My problems with Petrovsky Shtern aren’t meant to imply that studying Hasidism as an intellectual phenomenon risks abstracting out social factors. Indeed, Petrovsky Shtern correctly points to the underappreciated efforts of scholars like Dynner


A follower of Hasidei de’ar‘a, Dynner has published what is most likely to become the standard book on a previously underresearched subject. His Men of Silk is a meticulously documented revision of the received common sense regarding hasidic leadership as an antimercantile, anti-aristocratic and democratically oriented institution seeking to recruit followers among the needy, the poor, and the uneducated. The opposite is the case, maintains Dynner. To challenge the romanticized historiography of hasidic masters, he traces their social functions, patterns of behavior, genealogical links, and economic ties… Dynner proves that the Polish hasidic leaders came from aristocratic families, recruited followers from among the rabbinic elite, and were the populists rather than democratic leaders.


What was especially salutary about Men of Silk, for me, was less its rebuttal of the idea that Hasidic leaders were anti-aristocratic proto-socialists (although it bears repeating that some populists are extremely well funded and have political agendas!) but its view of Hasidism as a process of cultural dissemination and negotiation of mystical ideas. For Dynner, Hasidism shatters the old Kabbalists, who moved in restricted social circles, and makes Lurianic tikkunim and “basking in the divine by proxy” available to a new mercantile elite.

What bugs me about Petrovsky Shtern’s account of Dynner is that he says Dynner brings Hasidei dekokhvaya’ methodology into Hasidei de’ar‘a. This echoes the conclusion of the piece, where Petrovsky Shtern tells us that Hasidei de’ar‘a can incorporate Hasidei dekokhvaya’ but not vice versa. This conclusion reminded me of the story, recently repeated in the New Yorker about Derek Parfit who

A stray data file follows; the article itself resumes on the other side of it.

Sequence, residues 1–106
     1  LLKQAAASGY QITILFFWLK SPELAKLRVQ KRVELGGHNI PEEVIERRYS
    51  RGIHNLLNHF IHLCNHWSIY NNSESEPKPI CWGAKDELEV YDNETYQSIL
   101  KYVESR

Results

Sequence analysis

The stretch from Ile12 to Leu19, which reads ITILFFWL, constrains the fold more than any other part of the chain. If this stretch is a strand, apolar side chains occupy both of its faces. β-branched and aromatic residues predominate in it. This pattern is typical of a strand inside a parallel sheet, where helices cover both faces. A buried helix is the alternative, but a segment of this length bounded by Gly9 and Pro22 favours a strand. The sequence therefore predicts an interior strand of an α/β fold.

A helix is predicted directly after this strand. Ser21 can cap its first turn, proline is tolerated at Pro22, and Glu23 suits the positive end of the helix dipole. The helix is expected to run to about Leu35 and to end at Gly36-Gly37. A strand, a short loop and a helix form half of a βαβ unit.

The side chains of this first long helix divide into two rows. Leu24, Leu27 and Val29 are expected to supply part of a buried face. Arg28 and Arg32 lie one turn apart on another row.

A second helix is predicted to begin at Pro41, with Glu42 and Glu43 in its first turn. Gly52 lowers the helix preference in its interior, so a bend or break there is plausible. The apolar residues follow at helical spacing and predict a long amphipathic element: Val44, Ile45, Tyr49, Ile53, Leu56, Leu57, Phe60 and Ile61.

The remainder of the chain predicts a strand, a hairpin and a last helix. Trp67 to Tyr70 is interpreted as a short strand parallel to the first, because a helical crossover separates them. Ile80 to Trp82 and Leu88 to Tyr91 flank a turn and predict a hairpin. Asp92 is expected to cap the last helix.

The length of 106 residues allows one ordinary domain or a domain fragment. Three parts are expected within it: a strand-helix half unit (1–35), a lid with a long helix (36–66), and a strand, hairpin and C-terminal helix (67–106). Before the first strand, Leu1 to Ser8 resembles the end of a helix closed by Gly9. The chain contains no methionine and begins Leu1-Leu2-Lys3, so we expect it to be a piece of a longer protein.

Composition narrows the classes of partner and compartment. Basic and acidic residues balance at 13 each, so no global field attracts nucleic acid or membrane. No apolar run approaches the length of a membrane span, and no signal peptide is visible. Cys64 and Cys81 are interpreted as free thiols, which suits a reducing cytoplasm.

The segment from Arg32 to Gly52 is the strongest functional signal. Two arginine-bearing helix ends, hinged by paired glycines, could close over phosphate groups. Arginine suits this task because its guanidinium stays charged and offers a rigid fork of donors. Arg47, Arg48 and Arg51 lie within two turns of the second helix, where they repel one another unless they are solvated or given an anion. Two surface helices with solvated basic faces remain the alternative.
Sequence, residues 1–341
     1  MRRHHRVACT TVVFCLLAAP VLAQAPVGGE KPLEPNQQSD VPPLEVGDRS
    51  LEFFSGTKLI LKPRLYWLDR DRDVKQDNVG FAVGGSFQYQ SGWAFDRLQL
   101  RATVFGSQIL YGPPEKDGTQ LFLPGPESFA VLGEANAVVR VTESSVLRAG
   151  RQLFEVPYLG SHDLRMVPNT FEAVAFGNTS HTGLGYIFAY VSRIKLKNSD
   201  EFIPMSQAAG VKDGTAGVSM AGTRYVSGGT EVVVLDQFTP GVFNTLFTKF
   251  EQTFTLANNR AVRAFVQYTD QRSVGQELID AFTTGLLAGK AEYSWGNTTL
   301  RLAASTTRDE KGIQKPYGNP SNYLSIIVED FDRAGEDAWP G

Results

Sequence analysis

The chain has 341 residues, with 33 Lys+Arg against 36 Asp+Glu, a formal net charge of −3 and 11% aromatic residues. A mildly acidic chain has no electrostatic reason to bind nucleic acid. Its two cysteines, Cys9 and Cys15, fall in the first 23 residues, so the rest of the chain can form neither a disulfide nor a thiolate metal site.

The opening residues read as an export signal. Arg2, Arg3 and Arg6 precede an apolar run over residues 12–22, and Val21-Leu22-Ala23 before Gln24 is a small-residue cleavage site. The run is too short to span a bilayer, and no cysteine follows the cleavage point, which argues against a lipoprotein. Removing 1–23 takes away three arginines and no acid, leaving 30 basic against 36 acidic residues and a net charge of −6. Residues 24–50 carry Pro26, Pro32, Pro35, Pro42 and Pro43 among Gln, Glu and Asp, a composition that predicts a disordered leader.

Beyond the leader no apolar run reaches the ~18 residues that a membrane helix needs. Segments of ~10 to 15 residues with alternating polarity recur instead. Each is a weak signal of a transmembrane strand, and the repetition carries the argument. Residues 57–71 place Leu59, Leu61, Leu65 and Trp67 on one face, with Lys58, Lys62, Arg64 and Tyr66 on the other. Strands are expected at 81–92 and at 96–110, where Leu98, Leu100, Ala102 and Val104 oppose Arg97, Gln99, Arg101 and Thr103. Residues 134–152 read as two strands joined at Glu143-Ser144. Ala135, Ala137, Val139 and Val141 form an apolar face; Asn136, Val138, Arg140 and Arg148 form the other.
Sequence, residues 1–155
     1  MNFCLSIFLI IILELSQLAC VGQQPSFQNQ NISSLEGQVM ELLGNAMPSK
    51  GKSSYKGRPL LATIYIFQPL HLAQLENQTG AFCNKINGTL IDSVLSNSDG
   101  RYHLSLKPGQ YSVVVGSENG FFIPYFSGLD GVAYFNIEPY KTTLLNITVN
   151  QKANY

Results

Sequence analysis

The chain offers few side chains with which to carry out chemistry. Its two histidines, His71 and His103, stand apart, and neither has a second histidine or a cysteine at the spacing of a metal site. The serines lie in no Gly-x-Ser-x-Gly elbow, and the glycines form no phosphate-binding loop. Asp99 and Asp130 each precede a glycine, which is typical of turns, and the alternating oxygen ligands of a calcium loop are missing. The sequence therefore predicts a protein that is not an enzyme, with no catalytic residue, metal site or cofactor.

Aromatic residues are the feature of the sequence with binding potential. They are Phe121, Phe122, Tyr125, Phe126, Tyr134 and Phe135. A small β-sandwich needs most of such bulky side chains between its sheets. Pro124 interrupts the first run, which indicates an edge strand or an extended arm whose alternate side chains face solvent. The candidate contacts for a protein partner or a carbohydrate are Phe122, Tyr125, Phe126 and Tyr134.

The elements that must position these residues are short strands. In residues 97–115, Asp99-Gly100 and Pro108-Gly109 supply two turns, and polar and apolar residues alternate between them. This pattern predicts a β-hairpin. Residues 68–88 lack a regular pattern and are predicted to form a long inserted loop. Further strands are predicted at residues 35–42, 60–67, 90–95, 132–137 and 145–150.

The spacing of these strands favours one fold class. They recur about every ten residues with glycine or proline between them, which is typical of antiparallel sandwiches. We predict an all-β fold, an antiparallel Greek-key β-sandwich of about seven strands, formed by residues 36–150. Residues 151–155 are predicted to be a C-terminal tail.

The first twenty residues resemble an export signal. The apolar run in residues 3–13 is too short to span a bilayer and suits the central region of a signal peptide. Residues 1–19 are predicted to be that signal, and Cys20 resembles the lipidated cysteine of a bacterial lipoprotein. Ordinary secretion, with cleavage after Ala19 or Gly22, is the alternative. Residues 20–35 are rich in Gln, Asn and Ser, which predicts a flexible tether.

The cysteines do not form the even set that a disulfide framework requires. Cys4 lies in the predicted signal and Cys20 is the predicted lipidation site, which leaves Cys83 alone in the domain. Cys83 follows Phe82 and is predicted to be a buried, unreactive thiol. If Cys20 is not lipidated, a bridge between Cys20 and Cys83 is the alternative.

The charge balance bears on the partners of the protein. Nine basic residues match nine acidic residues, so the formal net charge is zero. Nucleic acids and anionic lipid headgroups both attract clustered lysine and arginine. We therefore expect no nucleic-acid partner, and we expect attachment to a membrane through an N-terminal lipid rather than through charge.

attended a lecture by a Continental philosopher that addressed some important subject such as suicide or the meaning of life, but he couldn’t understand any of it. He went to hear an analytic philosopher who spoke on a trivial topic but was quite lucid. He wondered whether it was more likely that Continental philosophers would become more lucid or analytic philosophers less trivial. He decided that the second was more likely, and returned to Oxford.


Whatever the merits Parfit’s choice, Petrovsky Shtern’s choice isn’t compelling. For example, if someone were to perform an analysis of how Hasidic masters subtly shift their teachings to suit their audiences, or how Hasidic metaphors draw on populism but appeal to the nouveaux riche, what would that be? Just proclaiming that you have brought the best of Hasidei dekokhvaya’ into Hasidei de’ar‘a doesn’t really suffice. At some point, aren’t the typologies at least overwrought, if not misleading?